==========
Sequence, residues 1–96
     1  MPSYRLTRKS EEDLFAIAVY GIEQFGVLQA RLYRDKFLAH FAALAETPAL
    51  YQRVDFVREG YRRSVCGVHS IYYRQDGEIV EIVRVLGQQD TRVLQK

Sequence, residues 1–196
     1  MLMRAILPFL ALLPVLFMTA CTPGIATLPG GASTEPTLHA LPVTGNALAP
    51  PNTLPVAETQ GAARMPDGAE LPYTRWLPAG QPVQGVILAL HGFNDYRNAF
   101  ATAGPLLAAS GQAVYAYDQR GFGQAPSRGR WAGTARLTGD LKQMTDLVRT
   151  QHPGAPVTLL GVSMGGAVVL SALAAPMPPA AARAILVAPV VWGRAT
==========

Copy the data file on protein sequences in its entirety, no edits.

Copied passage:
Sequence, residues 1–96
     1  MPSYRLTRKS EEDLFAIAVY GIEQFGVLQA RLYRDKFLAH FAALAETPAL
    51  YQRVDFVREG YRRSVCGVHS IYYRQDGEIV EIVRVLGQQD TRVLQK

Sequence, residues 1–196
     1  MLMRAILPFL ALLPVLFMTA CTPGIATLPG GASTEPTLHA LPVTGNALAP
    51  PNTLPVAETQ GAARMPDGAE LPYTRWLPAG QPVQGVILAL HGFNDYRNAF
   101  ATAGPLLAAS GQAVYAYDQR GFGQAPSRGR WAGTARLTGD LKQMTDLVRT
   151  QHPGAPVTLL GVSMGGAVVL SALAAPMPPA AARAILVAPV VWGRAT